While frequently dismissed as mere speculation at best by most rationalists[5] (especially in light of the many failures of artificial intelligence), transhumanism is a strongly-held belief among many computer geeks, notably synthesizer and accessible computing guru Ray Kurzweil, a believer in the “technological singularity,” where technology evolves beyond humanity’s current capacity to understand or anticipate it, and Sun Microsystems founder and Unix demigod Bill Joy, who believes the inevitable result of AI research is the obsolescence of humanity.[6]

Certain recent technological advances are making the possibility of the realization of transhumanism appear more plausible: Scientists funded by the military developed an implant that can translate motor neuron signals into a form that a computer can use, thus opening the door for advanced prosthetics capable of being manipulated like biological limbs and producing sensory information.[7] This is on top of the earlier development of cochlear implants, which translate sound waves into nerve signals; they are often called “bionic ears.”[8]

Even DIY transhumanism or ‘biohacking’ is becoming an option, with people installing magnetic implants, allowing them to feel magnetic and electric fields.[9] Others have taken to wearing belts of magnets, in order to always be able to find magnetic north. Prosthetic limbs with some level of touch are also now being developed, a major milestone. [10] One notable individual whose received magnetic finger implants is Zoe Quinn; [11] the current scientific consensus seems unclear, although humans are not thought to have a magnetic sense, there is a cryptochromeprotein in the eye which could potentially make humans capable of Magnetoreception, like certain other mammals such as mice and cows appear to be. [12]

“Whole brain emulation” (WBE) is a term used by transhumanists to refer to, quite obviously, the emulation of a brain on a computer. While this is no doubt a possibility, it encounters two problems that keep it from being a certainty anytime in the near future.

The first is a philosophical objection: For WBE to work, “strong AI” (i.e. AI equivalent to or greater than human intelligence) must be attainable. A number of philosophical objections have been raised against strong AI, generally contending either that the mind or consciousness is not computable or that a simulation of consciousness is not equivalent to true consciousness (whatever that is). There is still controversy over strong AI in the field of philosophy of mind.[13]

A second possible objection is technological: WBE may not defy physics, but the technology to fully simulate a human brain (in the sense meant by transhumanists, at least) is a long way away. Currently, no computer (or network of computers) is powerful enough to simulate a human brain. Henry Markram, head of the Blue Brain Project, estimates that simulating a brain would require 500 petabytes of data for storage and that the power required to run the simulation would cost about $3 billion annually. (However, in 2008, he optimistically predicts this will be possible in ten years.[14]) In addition to technological limitations in computing, there are also the limits of neuroscience. Neuroscience currently relies on technology that can only scan the brain at the level of gross anatomy (e.g., fMRI, PET). Forms of single neuron imaging (SNI) have been developed recently, but they can only be used on animal subjects (usually rats) because they destroy neural tissue.[15]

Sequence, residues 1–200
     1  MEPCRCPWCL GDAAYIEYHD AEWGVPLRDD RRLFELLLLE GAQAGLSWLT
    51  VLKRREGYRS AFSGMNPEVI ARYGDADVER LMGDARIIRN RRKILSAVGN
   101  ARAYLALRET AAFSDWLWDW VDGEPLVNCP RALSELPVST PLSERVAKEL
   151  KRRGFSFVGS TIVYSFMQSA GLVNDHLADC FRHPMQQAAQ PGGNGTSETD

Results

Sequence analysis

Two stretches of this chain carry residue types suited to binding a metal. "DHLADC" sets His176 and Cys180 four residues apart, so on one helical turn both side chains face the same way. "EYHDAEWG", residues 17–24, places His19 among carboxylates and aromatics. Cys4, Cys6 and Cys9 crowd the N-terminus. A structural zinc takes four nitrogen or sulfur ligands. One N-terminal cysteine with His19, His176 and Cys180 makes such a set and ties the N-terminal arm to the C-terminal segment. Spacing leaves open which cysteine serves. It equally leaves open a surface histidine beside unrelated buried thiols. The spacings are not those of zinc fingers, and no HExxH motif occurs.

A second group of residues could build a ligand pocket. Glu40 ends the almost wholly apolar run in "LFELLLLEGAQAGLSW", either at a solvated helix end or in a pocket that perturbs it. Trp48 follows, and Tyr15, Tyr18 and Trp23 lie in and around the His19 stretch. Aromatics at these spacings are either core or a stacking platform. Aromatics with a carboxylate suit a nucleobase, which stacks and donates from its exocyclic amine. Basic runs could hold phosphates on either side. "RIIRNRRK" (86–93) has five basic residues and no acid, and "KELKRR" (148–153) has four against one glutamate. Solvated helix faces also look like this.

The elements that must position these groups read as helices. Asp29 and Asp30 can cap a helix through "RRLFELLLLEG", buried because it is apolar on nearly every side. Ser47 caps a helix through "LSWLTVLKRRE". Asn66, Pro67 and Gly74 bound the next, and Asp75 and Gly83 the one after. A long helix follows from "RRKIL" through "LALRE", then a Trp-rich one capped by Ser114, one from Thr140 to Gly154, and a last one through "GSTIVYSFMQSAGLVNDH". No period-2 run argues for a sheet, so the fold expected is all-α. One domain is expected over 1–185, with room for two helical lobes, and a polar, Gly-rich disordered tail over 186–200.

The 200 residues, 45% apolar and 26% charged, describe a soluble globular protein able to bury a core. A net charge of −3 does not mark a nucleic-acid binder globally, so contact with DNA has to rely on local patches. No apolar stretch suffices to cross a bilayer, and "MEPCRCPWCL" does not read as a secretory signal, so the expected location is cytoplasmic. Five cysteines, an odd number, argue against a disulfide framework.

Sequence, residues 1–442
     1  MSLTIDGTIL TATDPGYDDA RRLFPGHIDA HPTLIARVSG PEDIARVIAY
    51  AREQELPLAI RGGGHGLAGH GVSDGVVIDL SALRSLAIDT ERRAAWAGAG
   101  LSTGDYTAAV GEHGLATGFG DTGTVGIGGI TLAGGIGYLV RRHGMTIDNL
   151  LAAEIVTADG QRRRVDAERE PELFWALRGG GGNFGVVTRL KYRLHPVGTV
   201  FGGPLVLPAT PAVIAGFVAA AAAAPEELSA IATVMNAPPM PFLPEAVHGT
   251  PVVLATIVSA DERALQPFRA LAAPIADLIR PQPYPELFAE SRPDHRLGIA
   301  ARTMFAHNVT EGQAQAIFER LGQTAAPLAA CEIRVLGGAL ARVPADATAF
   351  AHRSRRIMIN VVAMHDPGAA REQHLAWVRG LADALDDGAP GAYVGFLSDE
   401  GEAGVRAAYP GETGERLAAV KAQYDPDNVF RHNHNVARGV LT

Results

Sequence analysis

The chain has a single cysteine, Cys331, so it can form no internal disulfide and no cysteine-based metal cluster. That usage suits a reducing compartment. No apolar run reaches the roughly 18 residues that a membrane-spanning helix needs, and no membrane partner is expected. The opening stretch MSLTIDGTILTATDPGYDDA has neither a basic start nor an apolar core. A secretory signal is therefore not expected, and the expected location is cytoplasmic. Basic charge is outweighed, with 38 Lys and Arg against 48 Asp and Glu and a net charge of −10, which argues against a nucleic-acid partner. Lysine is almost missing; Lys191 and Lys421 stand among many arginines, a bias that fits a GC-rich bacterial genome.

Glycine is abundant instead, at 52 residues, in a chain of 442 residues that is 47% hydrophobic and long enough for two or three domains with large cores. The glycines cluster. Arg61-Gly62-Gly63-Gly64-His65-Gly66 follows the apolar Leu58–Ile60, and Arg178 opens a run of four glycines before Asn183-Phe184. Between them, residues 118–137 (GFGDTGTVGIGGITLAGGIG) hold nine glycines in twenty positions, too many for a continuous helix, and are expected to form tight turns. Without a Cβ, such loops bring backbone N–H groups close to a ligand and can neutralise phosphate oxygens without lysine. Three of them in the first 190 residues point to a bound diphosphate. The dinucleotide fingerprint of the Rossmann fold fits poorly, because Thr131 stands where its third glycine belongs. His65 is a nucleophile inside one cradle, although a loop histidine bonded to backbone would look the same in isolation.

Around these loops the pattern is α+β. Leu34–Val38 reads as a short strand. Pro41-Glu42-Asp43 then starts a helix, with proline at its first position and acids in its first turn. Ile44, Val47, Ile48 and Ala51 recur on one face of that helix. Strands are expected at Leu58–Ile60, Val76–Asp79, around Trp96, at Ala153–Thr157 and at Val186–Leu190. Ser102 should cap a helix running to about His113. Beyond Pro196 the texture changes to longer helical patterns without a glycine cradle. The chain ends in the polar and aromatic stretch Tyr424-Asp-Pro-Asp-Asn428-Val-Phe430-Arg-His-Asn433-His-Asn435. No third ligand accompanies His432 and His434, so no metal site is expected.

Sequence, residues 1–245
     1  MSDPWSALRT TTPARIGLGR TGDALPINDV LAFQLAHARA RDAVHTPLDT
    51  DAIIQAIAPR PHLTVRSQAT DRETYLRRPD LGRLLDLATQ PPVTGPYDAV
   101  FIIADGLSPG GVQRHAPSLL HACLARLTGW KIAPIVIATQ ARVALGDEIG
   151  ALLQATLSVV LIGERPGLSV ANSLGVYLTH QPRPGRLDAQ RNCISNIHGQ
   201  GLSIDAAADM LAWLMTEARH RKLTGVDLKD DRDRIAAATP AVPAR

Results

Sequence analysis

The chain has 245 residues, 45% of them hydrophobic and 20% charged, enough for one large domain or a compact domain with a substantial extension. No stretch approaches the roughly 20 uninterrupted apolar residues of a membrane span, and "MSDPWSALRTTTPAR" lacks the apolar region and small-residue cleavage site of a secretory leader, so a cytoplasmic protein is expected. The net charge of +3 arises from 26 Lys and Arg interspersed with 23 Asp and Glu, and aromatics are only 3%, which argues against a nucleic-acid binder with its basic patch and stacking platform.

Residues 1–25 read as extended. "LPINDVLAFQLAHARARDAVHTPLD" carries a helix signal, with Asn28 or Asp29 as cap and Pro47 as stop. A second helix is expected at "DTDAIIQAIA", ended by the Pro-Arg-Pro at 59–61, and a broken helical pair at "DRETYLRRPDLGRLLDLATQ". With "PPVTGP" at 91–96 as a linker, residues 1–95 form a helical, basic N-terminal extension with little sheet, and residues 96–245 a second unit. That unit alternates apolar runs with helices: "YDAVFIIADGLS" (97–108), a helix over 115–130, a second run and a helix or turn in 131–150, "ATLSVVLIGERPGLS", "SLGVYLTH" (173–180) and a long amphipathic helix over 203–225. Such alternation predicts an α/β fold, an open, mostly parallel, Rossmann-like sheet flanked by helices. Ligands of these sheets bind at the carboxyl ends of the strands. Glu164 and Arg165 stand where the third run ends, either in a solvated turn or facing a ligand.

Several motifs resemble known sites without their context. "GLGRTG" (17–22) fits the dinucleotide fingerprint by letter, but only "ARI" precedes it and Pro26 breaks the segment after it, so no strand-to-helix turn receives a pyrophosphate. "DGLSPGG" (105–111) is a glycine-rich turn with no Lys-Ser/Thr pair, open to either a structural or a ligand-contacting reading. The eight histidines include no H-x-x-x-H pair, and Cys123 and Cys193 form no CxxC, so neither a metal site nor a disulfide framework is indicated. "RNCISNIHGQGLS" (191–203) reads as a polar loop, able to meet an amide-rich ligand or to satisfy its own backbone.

First, let me say that Im all in favor of research on aging, and I think science has great potential to prolong healthy livesand Im all for that. But I think immortality, or even a close approximation to it, is both impossible and undesirable.

Another transhumanist goal is mind uploading, which is one way they claim[17][18] we will be able to achieve immortality. Aside from the problems with WBE listed above, mind uploading suffers a philosophical problem, namely the “swamp man problem.” That is, will the “uploaded” mind be “you” or simply a copy or facsimile of your mind? However, one possible way round this problem would be via incremental replacement of parts of the brain with their cybernetic equivalents (the patient being awake during each operation). Then there is no “breaking” of the continuity of the individual’s consciousness, and it becomes difficult for proponents of the “swamp man” hypothesis to pinpoint exactly when the individual stops being “themselves.”

Cryonics is another favorite of many transhumanists. In principle, cryonics is not impossible, but the current form of it is based largely on hypothetical future technologies and costs substantial amounts of money.

Fighting aging and extending life expectancy is possible the field that studies aging and attempts to provide suggestions for anti-aging technology is known as “biogerontology”. Aubrey de Grey has proposed a number of treatments for aging. In 2005, 28 scientists working in biogerontology signed a letter to EMBO Reports pointing out that de Grey’s treatments had never been demonstrated to work and that many of his claims for anti-aging technology were extremely inflated.[19] This article was written in response to a July 2005 EMBO reports article previously published by de Grey[20] and a response from de Grey was published in the same November issue.[21] De Grey summarizes these events in “The biogerontology research community’s evolving view of SENS,” published on the Methuselah Foundation website.[22]